Name Dropping: Celebrities with vineyards

Cliff Richard, Greg Norman, Nick Faldo, Gérard Depardieu, Sam Neill, Diego Maradona, Ian Botham, Ernie Els celebrities celebrity People & Places Articles
  • Tuesday 23 March 2004

Adam Lechmere, editor of decanter.com, asks whether a celebrity name is enough to guarantee a wine’s success

Cliff’s got one, as has Greg, Nick, Gérard, Sam, Diego, and Ian, and Ernie…Throw a brick at any Oscar ceremony or sports awards gala and you’re certain to hit a star who owns a wine label. The cult of celebrity is spreading at an astonishing rate through the wine world: the list above (Cliff Richard, Greg Norman, Nick Faldo, Gérard Depardieu, Sam Neill, Diego Maradona, Ian Botham, Ernie Els) – is a mere fraction of the celebs worldwide who have an interest in wine.

There is, of course, a difference between ‘interest’ and passion. The former is ambiguous: cynics will say there are some rich listers who add wine labels to their business empires to expand their brand – or to write off the expense on their tax bill. Passion is something different.

Faldo, for example, does not make any high-flown claims. The champion golfer has just signed a ten-year deal with Australian wine company Wingara to produce the ‘Faldo’ range, two whites and a red made by top winemaker Wayne Stehbens. He doesn’t pretend this is anything but mutual brand building. Wingara needs a better profile in the UK and the US. Faldo wants a new element in his burgeoning busines empire.

‘We’ll start with this and then maybe even go into spirits. We have a couple of Russian franchises – maybe there will be a vodka,’ he told Decanter. As a note on his website says, ‘The commercial possibilities of the Faldo brand are almost limitless.’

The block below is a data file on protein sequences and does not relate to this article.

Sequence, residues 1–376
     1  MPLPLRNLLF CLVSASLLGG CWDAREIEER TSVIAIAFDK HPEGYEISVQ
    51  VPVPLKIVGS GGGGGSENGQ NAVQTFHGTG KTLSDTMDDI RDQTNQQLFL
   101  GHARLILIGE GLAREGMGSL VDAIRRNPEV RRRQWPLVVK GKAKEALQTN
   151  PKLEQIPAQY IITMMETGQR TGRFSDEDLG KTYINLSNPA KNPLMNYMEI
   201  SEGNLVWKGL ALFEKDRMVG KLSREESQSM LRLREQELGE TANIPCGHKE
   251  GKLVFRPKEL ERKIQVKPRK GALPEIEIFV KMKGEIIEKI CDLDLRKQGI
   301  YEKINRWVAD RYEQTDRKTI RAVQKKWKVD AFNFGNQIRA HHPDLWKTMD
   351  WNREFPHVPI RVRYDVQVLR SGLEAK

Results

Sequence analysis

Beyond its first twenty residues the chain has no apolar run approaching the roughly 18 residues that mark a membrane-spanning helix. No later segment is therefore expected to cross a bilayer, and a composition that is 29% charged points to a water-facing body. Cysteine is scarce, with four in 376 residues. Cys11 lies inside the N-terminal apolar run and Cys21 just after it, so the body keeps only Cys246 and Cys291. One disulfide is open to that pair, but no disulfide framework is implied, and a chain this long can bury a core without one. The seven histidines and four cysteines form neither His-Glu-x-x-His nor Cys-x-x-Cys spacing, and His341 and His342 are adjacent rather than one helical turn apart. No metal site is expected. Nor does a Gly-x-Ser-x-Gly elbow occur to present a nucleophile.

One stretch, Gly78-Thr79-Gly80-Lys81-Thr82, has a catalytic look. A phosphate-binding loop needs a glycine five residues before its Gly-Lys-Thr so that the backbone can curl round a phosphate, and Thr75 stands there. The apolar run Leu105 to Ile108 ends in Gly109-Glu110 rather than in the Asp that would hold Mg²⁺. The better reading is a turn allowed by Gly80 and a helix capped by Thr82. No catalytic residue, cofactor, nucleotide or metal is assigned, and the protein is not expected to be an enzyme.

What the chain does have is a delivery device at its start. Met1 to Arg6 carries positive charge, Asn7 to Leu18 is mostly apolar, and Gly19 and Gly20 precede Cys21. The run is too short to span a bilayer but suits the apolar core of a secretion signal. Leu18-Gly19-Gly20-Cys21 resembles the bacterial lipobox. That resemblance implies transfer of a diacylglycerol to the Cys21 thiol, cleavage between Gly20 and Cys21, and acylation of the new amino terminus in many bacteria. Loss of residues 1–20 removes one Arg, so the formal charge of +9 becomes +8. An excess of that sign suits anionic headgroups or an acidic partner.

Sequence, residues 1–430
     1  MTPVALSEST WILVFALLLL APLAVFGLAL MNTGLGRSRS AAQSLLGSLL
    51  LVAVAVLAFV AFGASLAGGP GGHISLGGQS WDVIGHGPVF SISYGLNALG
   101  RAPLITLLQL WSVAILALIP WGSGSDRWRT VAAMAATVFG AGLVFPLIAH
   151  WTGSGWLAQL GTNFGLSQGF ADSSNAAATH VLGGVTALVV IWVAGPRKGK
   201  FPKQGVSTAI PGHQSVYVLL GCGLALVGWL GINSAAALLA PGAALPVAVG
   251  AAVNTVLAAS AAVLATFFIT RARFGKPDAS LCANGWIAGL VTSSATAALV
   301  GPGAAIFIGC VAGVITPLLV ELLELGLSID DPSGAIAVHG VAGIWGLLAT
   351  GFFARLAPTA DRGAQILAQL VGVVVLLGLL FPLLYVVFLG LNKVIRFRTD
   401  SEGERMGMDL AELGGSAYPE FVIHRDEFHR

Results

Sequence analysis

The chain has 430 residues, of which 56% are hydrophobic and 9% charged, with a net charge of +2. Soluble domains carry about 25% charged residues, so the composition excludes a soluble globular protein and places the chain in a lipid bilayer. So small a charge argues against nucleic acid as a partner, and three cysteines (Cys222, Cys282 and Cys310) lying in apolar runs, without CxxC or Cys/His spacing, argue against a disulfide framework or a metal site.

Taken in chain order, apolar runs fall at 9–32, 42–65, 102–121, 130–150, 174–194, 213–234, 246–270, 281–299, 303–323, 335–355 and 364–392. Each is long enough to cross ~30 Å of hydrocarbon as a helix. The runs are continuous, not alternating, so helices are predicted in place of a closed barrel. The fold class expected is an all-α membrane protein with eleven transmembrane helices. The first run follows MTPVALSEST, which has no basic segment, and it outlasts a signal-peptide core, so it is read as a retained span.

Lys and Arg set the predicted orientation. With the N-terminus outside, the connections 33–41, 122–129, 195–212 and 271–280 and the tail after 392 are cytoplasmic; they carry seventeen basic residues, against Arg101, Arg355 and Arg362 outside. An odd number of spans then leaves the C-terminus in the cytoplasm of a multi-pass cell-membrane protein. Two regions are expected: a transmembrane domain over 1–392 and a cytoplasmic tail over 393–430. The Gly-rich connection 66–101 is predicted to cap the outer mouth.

Then there’s evergreen crooner Cliff Richard. Wine journalists chuckled when he released his first wine, Vida Nova, a couple of years ago. But it got good reviews, Richard bought more land, built a state-of-the-art winery – and suddenly no one’s laughing any more.

There is no doubt some of these wines are very successful. BMW – cricketer Ian ‘Beefy’ Botham’s joint venture with team-mate Bob Willis and Aussie winemaker Geoff Merrill – does good trade on tesco.com. Vida Nova flew off the shelves at Tesco (which sold 3,000 bottles in a single day), and Waitrose, Sainsburys and just about anywhere else. Who is buying it?

‘Fans,’ says Waitrose’s Nathalie Winder. ‘They buy it by the case. I shouldn’t think many of them even know it’s Portuguese.’

Wine writer Malcolm Gluck suggests there’s something ‘deeply psychological’ going on. ‘Wine is magical because you absorb it, and we have many absorption metaphors for true love.’ So Cliff’s fans are somehow transubstantiating his wine.

There is obviously a curiosity factor, even for people who don’t want to absorb the celeb in question. A wine with Diego Maradona’s name on it is going stand out. Surely the professionals are just as curious – doesn’t a celebrity wine stand a better chance of getting shelf space?

‘Not at all,’ Tesco’s Helen McGinn says. ‘You have to take the celebrity out of the equation. No customer is going to buy a second bottle if they don’t think the wine is good enough.’

In fact, the celebrity market is getting so saturated it might even do the wine a disservice to have your name on the label. ‘Personally I think the public will start getting cynical,’ says veteran Waitrose buyer Nick Room, who is in charge of Vida Nova.

Jancis Robinson MW is in the same camp. She respects Depardieu (who owns several vineyards in the South of France and Morocco) and actor Sam Neill (a large property in Otago, New Zealand) as ‘truly, madly, deeply into wine’.

‘But there’s a vast difference between names which are used by the brand owner (ie the winery) to sell a wine – most of the golfers – and those celebrities who genuinely are fascinated by the subject.’

The vital difference is where you put your name: front label or back? Few serious celebity labellers name the wine after themselves, for obvious reasons.

Those that do have to work very hard to prove themselves. As Gérard Bertrand, rugby international turned Languedoc wine producer, said in another context, ‘the winemaker should never be in front of the wine. It has to speak for itself.’

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